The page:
Whether you’re buying new gas or getting rid of old, the same guidelines for storing flammable fuel should be followed when moving it around. That means you should only use approved gas cans, and never put containers of gas inside the passenger compartment of a vehicle. Ideally, transport gas cans in an open pickup truck bed or open trailer, but if you must use the trunk of your car, be sure the cans are well sealed, so they don’t spill. Also use sturdy rope or straps to tie the cans down so they don’t fall over and take them out of the vehicle as soon as you get to your destination. Never leave gasoline containers in a hot, enclosed space in a car or truck. And it should go without saying that you need to keep them away from any sparks, flames, or hot surfaces.
Carefully Clean Up Any Spills
In the unfortunate event that you do spill some gasoline, the first thing to do is put on some fuel-resistant nitrile gloves and a pair of safety glasses to protect yourself. Then quickly spread something on the spill to absorb as much of it as possible. Kitty litter, the old standby for cleaning up oily messes, is cheap and effective at absorbing gasoline, but it’s not the easiest thing to pick up once it’s saturated. Instead, for not much more you can buy special pads or granules made specifically to sop up hazardous fluids. If the gas was spilled onto an absorbent surface, such as the carpet in the trunk of your car, it can be tough to remove all the gasoline, so you may need to dispose of the item you spilled it on too. On the other hand, once spills are cleaned from nonabsorbent surfaces, just let the surface air out so any remaining gasoline will evaporate. After that, wipe a rag or paper towel soaked in vinegar onto the surfaces to help dissipate the smell. If that doesn’t completely eliminate it, follow up with a citrus-based cleaner/degreaser and some paper towels.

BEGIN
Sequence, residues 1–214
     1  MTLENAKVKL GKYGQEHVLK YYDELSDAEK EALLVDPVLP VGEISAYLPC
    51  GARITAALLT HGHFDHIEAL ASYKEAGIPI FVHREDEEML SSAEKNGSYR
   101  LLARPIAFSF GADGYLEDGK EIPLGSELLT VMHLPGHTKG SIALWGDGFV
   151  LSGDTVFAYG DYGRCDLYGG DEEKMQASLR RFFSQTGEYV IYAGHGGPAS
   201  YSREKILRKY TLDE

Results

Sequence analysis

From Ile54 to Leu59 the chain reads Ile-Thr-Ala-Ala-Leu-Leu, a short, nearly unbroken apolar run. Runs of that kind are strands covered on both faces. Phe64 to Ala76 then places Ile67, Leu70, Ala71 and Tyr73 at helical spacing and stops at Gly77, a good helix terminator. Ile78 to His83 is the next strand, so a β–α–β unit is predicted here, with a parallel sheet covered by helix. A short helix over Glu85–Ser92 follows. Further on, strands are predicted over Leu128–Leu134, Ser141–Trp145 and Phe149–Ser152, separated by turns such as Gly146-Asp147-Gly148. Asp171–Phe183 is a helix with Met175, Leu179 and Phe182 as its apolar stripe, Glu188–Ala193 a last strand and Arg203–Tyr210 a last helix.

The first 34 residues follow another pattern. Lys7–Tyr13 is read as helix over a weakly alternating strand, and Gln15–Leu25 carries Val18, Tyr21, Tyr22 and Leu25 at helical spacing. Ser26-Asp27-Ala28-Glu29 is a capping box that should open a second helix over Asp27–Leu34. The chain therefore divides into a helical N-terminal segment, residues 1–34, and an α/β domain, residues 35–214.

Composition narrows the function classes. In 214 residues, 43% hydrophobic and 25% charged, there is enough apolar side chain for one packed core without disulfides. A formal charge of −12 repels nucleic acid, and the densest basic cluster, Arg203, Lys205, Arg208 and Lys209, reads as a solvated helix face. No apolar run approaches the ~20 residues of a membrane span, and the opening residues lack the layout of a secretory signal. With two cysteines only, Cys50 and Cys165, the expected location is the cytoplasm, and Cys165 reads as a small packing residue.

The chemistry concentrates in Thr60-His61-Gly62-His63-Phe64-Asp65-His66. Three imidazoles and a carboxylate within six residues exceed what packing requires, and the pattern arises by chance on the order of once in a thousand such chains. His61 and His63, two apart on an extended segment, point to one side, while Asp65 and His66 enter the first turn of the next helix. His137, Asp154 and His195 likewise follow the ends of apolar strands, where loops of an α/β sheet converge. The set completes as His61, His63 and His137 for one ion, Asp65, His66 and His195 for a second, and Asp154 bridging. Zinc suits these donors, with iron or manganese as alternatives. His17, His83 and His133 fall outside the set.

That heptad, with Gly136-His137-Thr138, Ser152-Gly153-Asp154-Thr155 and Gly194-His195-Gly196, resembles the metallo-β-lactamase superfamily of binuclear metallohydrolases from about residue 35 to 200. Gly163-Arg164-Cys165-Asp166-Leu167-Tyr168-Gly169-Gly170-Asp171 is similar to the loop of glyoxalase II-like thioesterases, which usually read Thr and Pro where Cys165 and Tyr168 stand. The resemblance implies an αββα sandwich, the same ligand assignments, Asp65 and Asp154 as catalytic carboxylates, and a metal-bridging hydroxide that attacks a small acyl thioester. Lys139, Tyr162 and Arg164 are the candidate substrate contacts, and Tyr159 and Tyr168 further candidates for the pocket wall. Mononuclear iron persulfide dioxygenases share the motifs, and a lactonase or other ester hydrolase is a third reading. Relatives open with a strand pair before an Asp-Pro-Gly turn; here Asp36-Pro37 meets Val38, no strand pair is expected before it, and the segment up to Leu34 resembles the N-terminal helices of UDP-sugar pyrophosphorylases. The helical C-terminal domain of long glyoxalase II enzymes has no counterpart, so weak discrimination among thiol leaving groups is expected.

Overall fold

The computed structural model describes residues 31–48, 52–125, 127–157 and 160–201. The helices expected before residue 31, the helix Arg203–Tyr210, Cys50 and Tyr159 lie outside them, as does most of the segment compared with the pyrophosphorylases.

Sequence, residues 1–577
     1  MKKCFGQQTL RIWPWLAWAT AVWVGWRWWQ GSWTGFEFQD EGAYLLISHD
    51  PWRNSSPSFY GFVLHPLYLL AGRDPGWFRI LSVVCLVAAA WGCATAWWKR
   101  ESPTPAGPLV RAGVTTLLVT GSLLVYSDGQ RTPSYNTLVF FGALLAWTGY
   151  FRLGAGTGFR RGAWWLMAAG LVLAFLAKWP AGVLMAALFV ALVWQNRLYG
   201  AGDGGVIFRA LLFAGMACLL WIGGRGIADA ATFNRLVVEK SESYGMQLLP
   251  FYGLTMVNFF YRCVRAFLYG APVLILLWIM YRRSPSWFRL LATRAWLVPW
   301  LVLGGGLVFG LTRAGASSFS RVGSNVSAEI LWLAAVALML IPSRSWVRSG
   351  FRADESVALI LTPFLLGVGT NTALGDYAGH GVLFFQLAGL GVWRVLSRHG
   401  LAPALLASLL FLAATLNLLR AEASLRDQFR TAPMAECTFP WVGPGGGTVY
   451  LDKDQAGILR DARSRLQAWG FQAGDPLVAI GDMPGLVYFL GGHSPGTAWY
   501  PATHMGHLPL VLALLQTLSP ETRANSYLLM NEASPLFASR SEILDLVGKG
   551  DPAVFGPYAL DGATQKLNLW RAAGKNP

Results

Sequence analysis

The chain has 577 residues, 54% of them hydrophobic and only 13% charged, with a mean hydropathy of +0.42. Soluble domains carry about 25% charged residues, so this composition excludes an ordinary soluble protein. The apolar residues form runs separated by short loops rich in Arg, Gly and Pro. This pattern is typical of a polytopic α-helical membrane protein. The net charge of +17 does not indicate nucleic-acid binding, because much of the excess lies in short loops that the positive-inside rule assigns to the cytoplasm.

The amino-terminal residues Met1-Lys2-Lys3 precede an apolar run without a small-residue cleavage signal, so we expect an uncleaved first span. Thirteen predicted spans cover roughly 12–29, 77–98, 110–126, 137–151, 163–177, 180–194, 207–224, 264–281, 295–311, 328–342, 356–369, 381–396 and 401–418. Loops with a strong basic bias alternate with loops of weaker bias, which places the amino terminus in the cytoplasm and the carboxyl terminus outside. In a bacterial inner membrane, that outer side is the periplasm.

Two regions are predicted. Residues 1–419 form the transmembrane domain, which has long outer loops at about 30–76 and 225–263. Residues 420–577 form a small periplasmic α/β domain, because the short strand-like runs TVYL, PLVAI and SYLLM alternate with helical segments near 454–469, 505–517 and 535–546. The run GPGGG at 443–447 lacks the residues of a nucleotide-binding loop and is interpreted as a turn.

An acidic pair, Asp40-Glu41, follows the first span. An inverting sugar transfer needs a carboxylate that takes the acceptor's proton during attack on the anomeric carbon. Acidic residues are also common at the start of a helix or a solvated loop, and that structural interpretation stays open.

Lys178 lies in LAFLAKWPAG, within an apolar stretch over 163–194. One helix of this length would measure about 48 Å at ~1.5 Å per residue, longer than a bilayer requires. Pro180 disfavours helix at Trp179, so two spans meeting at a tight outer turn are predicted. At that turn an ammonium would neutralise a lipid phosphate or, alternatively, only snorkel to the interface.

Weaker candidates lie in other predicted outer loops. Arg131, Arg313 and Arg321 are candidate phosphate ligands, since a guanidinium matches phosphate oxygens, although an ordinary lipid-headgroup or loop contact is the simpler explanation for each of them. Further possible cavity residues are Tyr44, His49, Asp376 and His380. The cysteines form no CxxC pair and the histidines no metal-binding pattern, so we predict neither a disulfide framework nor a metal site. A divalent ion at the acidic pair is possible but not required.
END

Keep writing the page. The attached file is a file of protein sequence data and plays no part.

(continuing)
“Recondition” Old Gas at Your Own Risk
The internet is full of videos demonstrating methods for filtering old gas so you can continue to use it, sometimes suggesting adding it in small amounts to good gas, rather than letting it go to waste. Though many of these people claim they have made the old gas “like new” again by cleaning out the impurities, the stuff they’ve removed is often the remnants of ingredients that made the gasoline a high-quality fuel in the first place, so you risk doing more damage, or at least getting poor performance by running it in your engine.
Frequently Asked Questions (FAQs)
- Can gasoline become stale?
- How long can you store gasoline?
- How should you store fresh gasoline?
- How does gasoline become contaminated?
- What is a fuel stabilizer?
- How does stale or contaminated gasoline affect engines?
- Can old gas be recycled?
- How do you safely dispose of small amounts of stale gasoline?
- How do you safely dispose of larger amounts of stale gasoline?
- Where can you get help disposing of large quantities of stale gasoline?